For example, if your dog ingested something poisonous, like caffeine, leading to a seizure, they may recover and never have a seizure again after the toxin is out of their body.
However, many dogs will require ongoing management.
Most experts will tell you that if your dog does have recurring or chronic seizures, they will likely become more frequent or severe in the future.
Working closely with your veterinarian when addressing seizures in senior dogs is essential.
The earlier you start to treat or manage the underlying cause, the better.
Common Causes of Seizures in Older Dogs
We have established now that understanding the cause of your senior dog having seizures is vital in giving them the best chance at a long, happy life.
This can be challenging, given your vet has so many possibilities to consider.
While they can test for some potential causes, others aren’t as easy to identify or diagnose.
Some of the more common causes of seizures in dogs of all ages include:
- Low blood sugar levels
- Liver disease
- Poor circulation
- Calcium deficiency
- Brain tumors
- Exposure to toxins
- Blood or organ issues
- Under-active thyroid (hypothyroidism)
- Some breeds may be predisposed to them (as discussed already)
Seizures in elderly dogs specifically are most often associated with:
- Brain tumors
- Liver disease
- Kidney disease
- Insulin overdose in diabetic dogs
- Cushing’s Disease (not the disease itself but some of the issues associated with it)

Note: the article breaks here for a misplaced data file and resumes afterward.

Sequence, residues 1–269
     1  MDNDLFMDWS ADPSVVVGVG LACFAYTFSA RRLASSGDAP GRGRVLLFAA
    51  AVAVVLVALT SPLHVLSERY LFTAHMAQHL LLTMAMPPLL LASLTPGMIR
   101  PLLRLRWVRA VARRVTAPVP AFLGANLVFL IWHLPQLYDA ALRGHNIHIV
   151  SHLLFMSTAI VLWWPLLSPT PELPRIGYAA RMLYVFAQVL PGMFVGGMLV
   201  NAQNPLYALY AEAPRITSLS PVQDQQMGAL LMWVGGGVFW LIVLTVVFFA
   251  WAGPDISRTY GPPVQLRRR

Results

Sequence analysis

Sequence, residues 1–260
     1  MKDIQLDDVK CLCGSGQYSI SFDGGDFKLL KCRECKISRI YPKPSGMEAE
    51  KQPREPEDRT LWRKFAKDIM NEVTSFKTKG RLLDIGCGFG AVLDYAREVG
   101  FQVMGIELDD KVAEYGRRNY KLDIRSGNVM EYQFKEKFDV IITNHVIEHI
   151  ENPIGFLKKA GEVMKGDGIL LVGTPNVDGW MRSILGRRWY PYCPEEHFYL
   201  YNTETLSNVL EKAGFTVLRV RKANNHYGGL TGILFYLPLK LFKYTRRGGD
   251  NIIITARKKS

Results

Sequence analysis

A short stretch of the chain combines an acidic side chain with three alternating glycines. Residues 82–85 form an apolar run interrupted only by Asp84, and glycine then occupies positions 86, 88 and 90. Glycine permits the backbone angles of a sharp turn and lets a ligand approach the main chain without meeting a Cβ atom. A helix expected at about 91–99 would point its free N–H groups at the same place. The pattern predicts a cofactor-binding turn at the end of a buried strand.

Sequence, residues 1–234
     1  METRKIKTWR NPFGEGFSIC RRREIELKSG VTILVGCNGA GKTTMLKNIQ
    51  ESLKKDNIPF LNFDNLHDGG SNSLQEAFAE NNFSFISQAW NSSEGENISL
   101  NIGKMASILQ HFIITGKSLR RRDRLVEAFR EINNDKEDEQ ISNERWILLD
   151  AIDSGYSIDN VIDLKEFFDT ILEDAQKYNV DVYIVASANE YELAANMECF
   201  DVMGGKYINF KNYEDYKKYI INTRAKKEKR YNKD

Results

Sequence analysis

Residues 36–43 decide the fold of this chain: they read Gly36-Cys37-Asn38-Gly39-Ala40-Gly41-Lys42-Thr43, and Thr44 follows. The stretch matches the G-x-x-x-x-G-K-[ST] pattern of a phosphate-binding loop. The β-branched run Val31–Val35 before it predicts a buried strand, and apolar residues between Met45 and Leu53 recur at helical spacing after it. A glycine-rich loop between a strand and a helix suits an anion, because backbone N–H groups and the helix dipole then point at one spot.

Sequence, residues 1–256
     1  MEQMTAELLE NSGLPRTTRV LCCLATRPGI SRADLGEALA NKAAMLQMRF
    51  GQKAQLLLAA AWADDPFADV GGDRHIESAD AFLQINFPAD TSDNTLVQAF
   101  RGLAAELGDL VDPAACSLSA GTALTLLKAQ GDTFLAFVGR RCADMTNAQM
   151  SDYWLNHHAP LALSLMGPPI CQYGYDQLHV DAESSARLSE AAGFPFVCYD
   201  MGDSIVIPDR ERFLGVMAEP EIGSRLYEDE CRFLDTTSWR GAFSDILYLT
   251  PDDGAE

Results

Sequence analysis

Unfortunately, it is not uncommon for older dogs to develop seizures that are idiopathic, meaning there is no known reason for them.
Signs Your Dog May Be Having a Seizure
Look out for these warning signs if your dog is acting strange or out of sorts:
- Uncontrolled twitching
- Wobbling or wavering back and forth in one spot
- Loss of bladder and/or bowel control
- Falling over
- Leaping in the air
- Temporary loss of sight
- Inability to understand commands
Seizures won’t look the same in every dog and can even be slightly different from episode to episode with the same dog.
They can also differ in severity.
It could range from a slight twitch that lasts a second to full-on uncontrollable shaking that lasts minutes.
What to Do and What NOT to Do if Your Old Dog is Having Seizures
Don’t panic! Easy to say, hard to do.
When my dog had her first seizure, I was clueless. Boy, did I panic!
Luckily, when I called the emergency hospital, they were able to provide me with some guidance on how to handle the situation best.
Here are a few important things to consider:
- Keep yourself safe! As already mentioned, your dog has lost control of their body. Even the kindest, most gentle dogs could bite without warning at that moment.